A lack of polls is a good reason to turn to the betting markets. But as mentioned above this is a self selected group of people guessing. There is no way the likely 99% white internet gamblers have a finger on the pulse on the Alabam vote. Just don't buy it.

Last edited by CarnalK; 02-22-2020 at 02:50 PM.
  #28  
Old 02-22-2020, 04:00 PM
Lance Turbo is offline
Guest
 
Join Date: Aug 1999
Location: Asheville, NC
Posts: 4,680
Quote:
Originally Posted by CarnalK View Post
A lack of polls is a good reason to turn to the betting markets. But as mentioned above this is a self selected group of people guessing. There is no way the likely 99% white internet gamblers have a finger on the pulse on the Alabam vote. Just don't buy it.
You are not required to buy it.

The accuracy of prediction markets (on average) is a direct consequence of the efficient market hypothesis. That's why people pay attention to betting markets. That's the answer to this thread.
  #29  
Old 02-22-2020, 04:08 PM
CarnalK's Avatar
CarnalK is offline
Guest
 
Join Date: Jul 2000
Posts: 19,826
So why don't you average some betting markets for your twitter bot? Because I see zero worth in tracking one group of gamblers' bets. Find that extremely tough to view as some "effecient market" or even reflective of one.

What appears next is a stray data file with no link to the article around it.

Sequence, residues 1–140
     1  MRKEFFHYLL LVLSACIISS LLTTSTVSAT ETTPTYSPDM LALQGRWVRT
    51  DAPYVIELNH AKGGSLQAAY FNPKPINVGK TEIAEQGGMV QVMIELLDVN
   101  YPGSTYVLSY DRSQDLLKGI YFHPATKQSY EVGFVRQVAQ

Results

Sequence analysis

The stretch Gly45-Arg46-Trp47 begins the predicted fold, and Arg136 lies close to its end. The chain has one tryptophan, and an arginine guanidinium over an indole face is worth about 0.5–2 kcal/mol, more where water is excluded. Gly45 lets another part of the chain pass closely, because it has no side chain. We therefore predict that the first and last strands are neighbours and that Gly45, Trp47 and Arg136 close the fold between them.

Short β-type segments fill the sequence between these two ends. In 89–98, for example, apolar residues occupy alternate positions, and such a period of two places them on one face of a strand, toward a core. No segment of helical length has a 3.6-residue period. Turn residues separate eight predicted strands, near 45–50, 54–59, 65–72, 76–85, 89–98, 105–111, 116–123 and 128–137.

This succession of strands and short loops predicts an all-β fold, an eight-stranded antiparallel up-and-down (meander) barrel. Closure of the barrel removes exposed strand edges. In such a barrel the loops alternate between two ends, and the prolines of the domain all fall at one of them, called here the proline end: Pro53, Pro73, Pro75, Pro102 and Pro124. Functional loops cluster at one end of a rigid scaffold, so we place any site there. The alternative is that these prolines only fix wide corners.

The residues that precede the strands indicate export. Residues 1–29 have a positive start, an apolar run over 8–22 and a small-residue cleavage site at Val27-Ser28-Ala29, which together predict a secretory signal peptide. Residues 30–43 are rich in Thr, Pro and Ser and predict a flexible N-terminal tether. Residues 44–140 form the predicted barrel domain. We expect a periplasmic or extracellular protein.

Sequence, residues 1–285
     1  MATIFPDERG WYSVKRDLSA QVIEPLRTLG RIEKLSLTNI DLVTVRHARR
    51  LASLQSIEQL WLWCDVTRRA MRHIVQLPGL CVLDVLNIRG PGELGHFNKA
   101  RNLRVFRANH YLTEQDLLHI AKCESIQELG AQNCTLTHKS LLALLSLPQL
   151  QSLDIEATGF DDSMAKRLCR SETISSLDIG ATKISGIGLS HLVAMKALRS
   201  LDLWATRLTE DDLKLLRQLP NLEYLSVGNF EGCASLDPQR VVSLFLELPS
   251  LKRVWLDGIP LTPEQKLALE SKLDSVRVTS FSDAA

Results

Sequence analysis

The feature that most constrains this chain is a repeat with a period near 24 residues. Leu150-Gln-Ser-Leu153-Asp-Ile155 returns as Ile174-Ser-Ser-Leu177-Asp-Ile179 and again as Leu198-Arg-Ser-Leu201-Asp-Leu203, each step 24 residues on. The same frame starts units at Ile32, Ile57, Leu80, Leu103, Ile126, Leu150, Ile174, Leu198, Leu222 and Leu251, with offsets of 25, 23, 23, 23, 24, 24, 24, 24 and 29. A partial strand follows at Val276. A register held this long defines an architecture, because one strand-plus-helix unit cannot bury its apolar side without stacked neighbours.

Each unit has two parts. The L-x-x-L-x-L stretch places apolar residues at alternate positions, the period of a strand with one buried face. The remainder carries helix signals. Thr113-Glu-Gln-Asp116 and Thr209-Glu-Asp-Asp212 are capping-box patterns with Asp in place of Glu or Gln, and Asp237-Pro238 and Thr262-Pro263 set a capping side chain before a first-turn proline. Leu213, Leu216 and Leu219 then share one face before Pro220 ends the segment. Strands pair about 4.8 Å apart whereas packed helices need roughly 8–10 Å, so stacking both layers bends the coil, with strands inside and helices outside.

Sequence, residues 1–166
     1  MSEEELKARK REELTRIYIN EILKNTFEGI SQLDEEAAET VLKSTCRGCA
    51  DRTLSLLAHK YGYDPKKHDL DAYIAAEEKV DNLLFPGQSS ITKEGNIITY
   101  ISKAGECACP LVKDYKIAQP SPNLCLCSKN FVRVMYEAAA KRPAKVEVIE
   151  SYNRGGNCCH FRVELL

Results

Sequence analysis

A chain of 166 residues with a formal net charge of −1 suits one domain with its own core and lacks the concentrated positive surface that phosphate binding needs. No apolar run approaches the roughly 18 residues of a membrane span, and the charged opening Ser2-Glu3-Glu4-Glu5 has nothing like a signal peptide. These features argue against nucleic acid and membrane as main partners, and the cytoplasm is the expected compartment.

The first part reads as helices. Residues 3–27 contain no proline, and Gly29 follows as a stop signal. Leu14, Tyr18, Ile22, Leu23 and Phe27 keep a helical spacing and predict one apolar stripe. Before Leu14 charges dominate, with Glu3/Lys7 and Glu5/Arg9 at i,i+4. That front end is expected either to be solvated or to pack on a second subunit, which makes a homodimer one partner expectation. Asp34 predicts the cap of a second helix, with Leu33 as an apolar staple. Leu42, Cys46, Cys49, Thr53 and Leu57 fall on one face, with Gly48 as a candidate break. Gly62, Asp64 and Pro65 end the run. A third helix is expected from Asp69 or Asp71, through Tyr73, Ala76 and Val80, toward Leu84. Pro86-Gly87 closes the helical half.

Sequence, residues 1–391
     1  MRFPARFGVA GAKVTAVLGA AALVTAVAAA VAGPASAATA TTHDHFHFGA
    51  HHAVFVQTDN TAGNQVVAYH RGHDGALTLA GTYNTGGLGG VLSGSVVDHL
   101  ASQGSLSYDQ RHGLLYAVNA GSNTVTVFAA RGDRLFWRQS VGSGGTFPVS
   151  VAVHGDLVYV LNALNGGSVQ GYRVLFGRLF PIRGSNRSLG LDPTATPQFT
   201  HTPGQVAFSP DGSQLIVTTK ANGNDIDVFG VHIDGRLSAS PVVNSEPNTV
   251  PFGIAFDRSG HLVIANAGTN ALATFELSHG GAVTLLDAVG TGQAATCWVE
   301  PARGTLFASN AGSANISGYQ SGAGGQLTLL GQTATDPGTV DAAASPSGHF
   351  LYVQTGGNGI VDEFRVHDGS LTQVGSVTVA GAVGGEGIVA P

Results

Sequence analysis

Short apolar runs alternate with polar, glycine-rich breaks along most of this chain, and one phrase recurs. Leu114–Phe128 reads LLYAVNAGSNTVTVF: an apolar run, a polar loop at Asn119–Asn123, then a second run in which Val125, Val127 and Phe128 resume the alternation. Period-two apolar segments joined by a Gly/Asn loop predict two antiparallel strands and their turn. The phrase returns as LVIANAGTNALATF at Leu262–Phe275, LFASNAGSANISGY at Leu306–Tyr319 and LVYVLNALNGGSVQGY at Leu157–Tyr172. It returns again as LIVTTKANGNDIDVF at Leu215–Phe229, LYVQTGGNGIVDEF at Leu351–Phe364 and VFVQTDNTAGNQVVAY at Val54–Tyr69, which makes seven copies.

Last edited by CarnalK; 02-22-2020 at 04:13 PM.
  #30  
Old 02-23-2020, 05:16 PM
Lance Turbo is offline
Guest
 
Join Date: Aug 1999
Location: Asheville, NC
Posts: 4,680
Quote:
Originally Posted by CarnalK View Post
So why don't you average some betting markets for your twitter bot? Because I see zero worth in tracking one group of gamblers' bets. Find that extremely tough to view as some "effecient market" or even reflective of one.
I track PredictIt because that's the market I participate in. The efficient market hypothesis does not require you to view PredictIt as an efficient market in order to be applicable.

If you really think PredictIt is inefficient, there is a financial benefit to identifying and exploiting those inefficiencies. Best of luck.
  #31  
Old 02-23-2020, 06:18 PM
CarnalK's Avatar
CarnalK is offline
Guest
 
Join Date: Jul 2000
Posts: 19,826
Yeah, I hearbthat comeback ll the time. The problem is, I think it's erratically wrong so I can really make money casually assuming it's wrong in particular direction. I'm sure with study, you could make money betting against emotional/wave sentiment there. I'm not making that my hobby.
  #32  
Old 02-23-2020, 07:40 PM
Velocity is online now
Guest
 
Join Date: Jun 2014
Posts: 16,973
@ the OP: People pay attention to betting markets because, more often than not, the majority is correct.

If 87% of gamblers believe the Patriots will defeat the Jets, more likely than not, the Patriots will win. Sure, the Jets could pull off an upset, but the economical money is on the Pats.
  #33  
Old 02-23-2020, 07:49 PM
Heffalump and Roo is offline
Guest
 
Join Date: Nov 2006
Posts: 4,384
Quote:
Originally Posted by CarnalK View Post
Yeah, I hearbthat comeback ll the time. The problem is, I think it's erratically wrong so I can really make money casually assuming it's wrong in particular direction. I'm sure with study, you could make money betting against emotional/wave sentiment there. I'm not making that my hobby.